Judge: YouTube doesn't have to take down anti-Islam video

Story highlights

  • Actress in "Innocence of Muslims" filed complaint alleging she was a victim of fraud
  • She'd sued the filmmaker and YouTube's parent company, saying she had been harmed
  • A judge denies her request that YouTube be ordered to take the video down from its site
  • The trailer for the film has stirred protests by Muslims worldwide

A California judge denied Thursday a request from an actress who, claiming she was a victim of fraud who'd been caused irreversible harm, wanted an inflammatory anti-Islam video in which she had appeared to be removed from YouTube's website.

Cindy Lee Garcia, who was among those in "Innocence of Muslims," had sued the producer of the film, Nakoula Basseley Nakoula -- who authorities say has numerous aliases -- alleging she is a victim of fraud, invasion of privacy and misappropriation of her likeness.

In her complaint, filed Wednesday in Los Angeles Superior Court, Garcia also sued YouTube, the video-sharing website on which the film's trailer is posted, and its parent company, Google. She alleged the company caused her irreparable harm by not removing the video from its site and asked a judge to order the trailer be taken down immediately.

YouTube attorney Timothy Alger, meanwhile, argued that federal law protects forums such as YouTube from abiding by such orders, from third parties, to remove videos.

Actress in anti-Islamic film files lawsuit against filmmaker and YouTube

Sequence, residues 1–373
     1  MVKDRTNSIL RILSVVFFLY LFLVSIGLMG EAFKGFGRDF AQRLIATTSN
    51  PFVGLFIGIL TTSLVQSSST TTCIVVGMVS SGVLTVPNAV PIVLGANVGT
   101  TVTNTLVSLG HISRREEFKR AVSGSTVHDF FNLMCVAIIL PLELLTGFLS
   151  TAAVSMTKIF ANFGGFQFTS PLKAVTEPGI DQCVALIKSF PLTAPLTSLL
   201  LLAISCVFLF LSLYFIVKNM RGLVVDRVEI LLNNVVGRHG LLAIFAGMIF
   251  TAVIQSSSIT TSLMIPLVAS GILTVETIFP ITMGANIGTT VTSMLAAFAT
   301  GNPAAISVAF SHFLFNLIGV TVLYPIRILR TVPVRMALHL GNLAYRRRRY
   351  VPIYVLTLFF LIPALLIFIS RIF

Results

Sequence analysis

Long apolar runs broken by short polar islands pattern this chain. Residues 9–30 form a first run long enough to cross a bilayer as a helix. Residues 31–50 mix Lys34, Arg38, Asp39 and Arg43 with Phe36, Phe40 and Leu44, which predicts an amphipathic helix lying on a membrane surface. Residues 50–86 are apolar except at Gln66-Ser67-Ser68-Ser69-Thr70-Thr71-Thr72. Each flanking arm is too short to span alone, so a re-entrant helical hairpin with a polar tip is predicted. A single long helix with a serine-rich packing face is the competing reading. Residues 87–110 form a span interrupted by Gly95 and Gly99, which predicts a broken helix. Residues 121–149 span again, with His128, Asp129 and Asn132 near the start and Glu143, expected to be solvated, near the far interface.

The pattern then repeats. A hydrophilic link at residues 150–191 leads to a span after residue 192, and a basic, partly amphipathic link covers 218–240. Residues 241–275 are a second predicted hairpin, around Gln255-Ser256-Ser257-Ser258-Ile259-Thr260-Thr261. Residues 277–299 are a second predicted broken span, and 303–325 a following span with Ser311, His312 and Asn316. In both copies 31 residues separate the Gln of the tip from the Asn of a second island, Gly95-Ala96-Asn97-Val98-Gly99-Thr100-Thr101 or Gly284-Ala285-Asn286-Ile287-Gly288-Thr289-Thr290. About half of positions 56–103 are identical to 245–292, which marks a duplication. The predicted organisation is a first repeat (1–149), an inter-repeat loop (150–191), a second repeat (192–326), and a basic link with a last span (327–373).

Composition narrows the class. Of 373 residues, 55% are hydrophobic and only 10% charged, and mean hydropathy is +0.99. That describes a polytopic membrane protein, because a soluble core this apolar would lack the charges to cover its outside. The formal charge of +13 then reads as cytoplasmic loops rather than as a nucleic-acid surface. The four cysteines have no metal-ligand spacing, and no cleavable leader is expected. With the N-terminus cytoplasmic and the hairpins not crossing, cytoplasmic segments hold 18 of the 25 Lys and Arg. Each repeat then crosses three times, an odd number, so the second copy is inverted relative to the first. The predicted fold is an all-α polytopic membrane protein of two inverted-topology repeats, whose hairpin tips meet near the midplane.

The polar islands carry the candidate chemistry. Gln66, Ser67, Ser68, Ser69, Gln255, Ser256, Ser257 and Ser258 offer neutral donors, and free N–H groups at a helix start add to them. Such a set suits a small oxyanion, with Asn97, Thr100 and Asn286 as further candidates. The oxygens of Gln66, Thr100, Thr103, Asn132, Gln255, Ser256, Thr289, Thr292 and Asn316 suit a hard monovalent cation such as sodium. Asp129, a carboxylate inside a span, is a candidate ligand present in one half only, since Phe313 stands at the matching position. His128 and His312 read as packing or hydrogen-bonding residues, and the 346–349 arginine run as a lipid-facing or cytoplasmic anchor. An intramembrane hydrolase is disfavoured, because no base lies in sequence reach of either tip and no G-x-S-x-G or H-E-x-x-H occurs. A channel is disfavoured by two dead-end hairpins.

On Thursday, Los Angeles County Superior Court Judge Luis Lavin ruled the company can leave the video up online, denying Garcia's request for a temporary restraining order.

Pakistan outrage over anti-islamic film
Pakistan outrage over anti-islamic film


    Pakistan outrage over anti-islamic film


Pakistan outrage over anti-islamic film 03:11
Why the film upset so many Muslims
Why the film upset so many Muslims


    Why the film upset so many Muslims


Why the film upset so many Muslims 04:16

Last week, the actress told CNN she had been unaware the filmmaker dubbed over dialogue in the movie and had inserted anti-Islam sentiments.

The producer's representations that he "intended to make an 'adventure film' and that (the) plaintiff would be depicted as a concerned mother, were false," Garcia alleges in her lawsuit.

The defendant "made an anti-Islam propaganda film, in which plaintiff is falsely made to appear to accuse the founder of the Islamic religion of being a sexual deviant and child molester," says the complaint.

The lawsuit claims Garcia lost her job and her privacy since the film, on September 11, went from being an obscure Internet video to a target of Muslim protests worldwide. The film mocks the Islamic Prophet Mohammed as a womanizer, child molester and killer.

From Morocco to Malaysia, demonstrators in more than 20 countries have railed against the "Innocence of Muslims" and the United States, since the film was (privately) produced and disseminated in the country. Some of these groups have targeted U.S. diplomatic missions, including those who breached the U.S. Embassy in Cairo, Egypt, and those who killed four Americans during an attack on the U.S. Consulate in Benghazi, Libya.

Garcia said that, since the video got widespread attention, she has received death threats and has not visited her grandchildren out of fear that they will be harmed.

Calls to representatives of Nakoula were not immediately returned.

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